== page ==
Red BurnsFormer Faculty, Former Staff, Class of
|Courses Taught:||Applications of Interactive Technologies|
Red Burns was an Arts Professor and Chief Collaborations Officer for the Interactive Telecommunications Program (ITP) in the Tisch School of the Arts at New York University. Professor Burns founded the department in 1979, and until 2010 served as the Chair. In 1997, she was named Tokyo Broadcasting System Chair.
Most recently, Professor Burns was honored as Design Patron at the National Design Awards by Cooper-Hewitt, National Design Museum in October 2012. Prior to that, she received a Webby Special Achievement Award at the Webby Awards Gala in June 2011 in recognition of her influential role as founder of ITP. In 2009 she received a Lifetime Achievement Award from Canadian New Media and was an honoree at the Exploratorium’s 32nd Annual Awards Dinner honoring Women in Science. In 2005 she was added to the New York Women in Communications, Inc. Matrix Hall of Fame, In 2004, she was honored with a Distinguished Leadership Award for achievement in technology from the New York Hall of Science and in 2002 was a recipient of the Chrysler Design Award. In addition, she has received a number of other awards including the 1997 Matrix Award (the first in the "New Media" category), and in 1998, the Crain's All-Stars Educator's Award, and the Mayor of New York's Award for Excellence in Science and Technology. She was also inducted into the Art Director Club's Hall of Fame in 1998 with the "Special Educator's Award." She has been listed on Richard Saul Wurman's "Who's Really Who 1000, The Most Creative Individuals in the USA 2002." "Crain's" cited her as one of the "Top 100 People Who Will Shape New York." Interactive Week picked her as one of the "Top 25 Influential People on the Net," and she was named one of Newsweek's "50 for the Future," New York Magazine's "New York Cyber Sixty," Silicon Alley's 100 and "Crain's New York Business" listed her both as one of the 100 top leaders of New York's economy, as well as one of the top 100 most influential women in business.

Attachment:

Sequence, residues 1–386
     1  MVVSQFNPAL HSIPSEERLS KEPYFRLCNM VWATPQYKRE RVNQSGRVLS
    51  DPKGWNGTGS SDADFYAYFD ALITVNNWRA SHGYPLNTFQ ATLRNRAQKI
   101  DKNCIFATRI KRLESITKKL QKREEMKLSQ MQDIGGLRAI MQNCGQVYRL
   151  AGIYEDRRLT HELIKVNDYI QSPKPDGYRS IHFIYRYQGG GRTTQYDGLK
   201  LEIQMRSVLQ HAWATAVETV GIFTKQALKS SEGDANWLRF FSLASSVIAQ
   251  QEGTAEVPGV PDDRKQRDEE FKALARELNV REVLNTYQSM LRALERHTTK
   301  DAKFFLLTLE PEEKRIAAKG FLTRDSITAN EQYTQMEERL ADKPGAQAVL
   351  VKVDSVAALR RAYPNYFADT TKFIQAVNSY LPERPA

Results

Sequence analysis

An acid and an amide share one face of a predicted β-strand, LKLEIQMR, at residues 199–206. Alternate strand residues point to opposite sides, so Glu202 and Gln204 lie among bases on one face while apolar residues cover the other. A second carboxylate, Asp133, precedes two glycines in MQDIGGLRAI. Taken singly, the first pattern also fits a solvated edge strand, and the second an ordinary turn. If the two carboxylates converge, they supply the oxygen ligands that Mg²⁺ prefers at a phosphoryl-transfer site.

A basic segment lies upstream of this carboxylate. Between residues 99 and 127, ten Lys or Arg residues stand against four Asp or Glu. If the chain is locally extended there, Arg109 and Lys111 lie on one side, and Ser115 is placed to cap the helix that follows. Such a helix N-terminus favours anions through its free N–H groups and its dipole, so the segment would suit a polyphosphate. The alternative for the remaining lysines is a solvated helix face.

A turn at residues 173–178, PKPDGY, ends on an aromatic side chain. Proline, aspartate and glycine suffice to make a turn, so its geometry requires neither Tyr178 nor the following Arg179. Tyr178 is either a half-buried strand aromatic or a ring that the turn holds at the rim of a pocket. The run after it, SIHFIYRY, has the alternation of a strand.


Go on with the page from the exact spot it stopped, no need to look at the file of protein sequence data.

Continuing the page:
Professor Burns has been a board member for the Charles Revson Foundation, The Art Director's Club and Creative Capital. She has also served on "Seminars on Science," a program of The National Center for Science, Literacy, and Technology, which is part of the American Museum of National History Advisory Board, and has been a mentor to the Ross School in East Hampton, New York. She is also an education advisor to the New Museum of Contemporary Art.
Professor Burns has served on the New York Times Digital Company Advisory Board, IVREA Institute (Italy), The Visual Media Task Force, The Convergent Media Group, Electronic Neighborhood, and ProBono.net Boards. She was a founding member of the Media Lab Europe Board and the Board of Directors of the New York New Media Association (NYNMA).
Red Burns has been a juror for the On-Line Journalism Awards, the National Magazine Awards, and the Webby Awards. Most recently she served on The National Design Awards, The Rockefeller Foundation New Media Fellowship Panel, as a juror for the Creative Capital Grants, as well as The American Institute of Graphic Arts "365: AIGA Annual Design Competitions."
During the 1970's, as head of NYU's Alternate Media Center, she designed and directed a series of telecommunications projects including two-way television for and by senior citizens, telecommunications applications to serve the developmentally disabled, and one of the first Teletext field trials in the United States (at WETA in Washington, D.C.). She also created a CD-ROM on chaos theory.
This innovative research center set the stage for the creation of the Interactive Telecommunications Program (ITP) at NYU in 1979. She continued to research and teach until her recent passing, and was the Principal Investigator on two major research projects, funded by Intel and Microsoft.